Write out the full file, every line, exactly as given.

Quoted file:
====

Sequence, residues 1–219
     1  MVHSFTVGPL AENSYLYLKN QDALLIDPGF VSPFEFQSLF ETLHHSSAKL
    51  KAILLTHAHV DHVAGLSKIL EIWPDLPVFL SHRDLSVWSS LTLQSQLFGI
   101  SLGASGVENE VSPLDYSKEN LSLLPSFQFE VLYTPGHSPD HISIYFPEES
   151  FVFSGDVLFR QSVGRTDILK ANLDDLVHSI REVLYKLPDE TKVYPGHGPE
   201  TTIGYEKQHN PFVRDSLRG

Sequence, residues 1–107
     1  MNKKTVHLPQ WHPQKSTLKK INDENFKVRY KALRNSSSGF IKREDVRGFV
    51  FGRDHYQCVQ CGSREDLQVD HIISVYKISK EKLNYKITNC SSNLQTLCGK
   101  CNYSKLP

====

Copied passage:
Sequence, residues 1–219
     1  MVHSFTVGPL AENSYLYLKN QDALLIDPGF VSPFEFQSLF ETLHHSSAKL
    51  KAILLTHAHV DHVAGLSKIL EIWPDLPVFL SHRDLSVWSS LTLQSQLFGI
   101  SLGASGVENE VSPLDYSKEN LSLLPSFQFE VLYTPGHSPD HISIYFPEES
   151  FVFSGDVLFR QSVGRTDILK ANLDDLVHSI REVLYKLPDE TKVYPGHGPE
   201  TTIGYEKQHN PFVRDSLRG

Sequence, residues 1–107
     1  MNKKTVHLPQ WHPQKSTLKK INDENFKVRY KALRNSSSGF IKREDVRGFV
    51  FGRDHYQCVQ CGSREDLQVD HIISVYKISK EKLNYKITNC SSNLQTLCGK
   101  CNYSKLP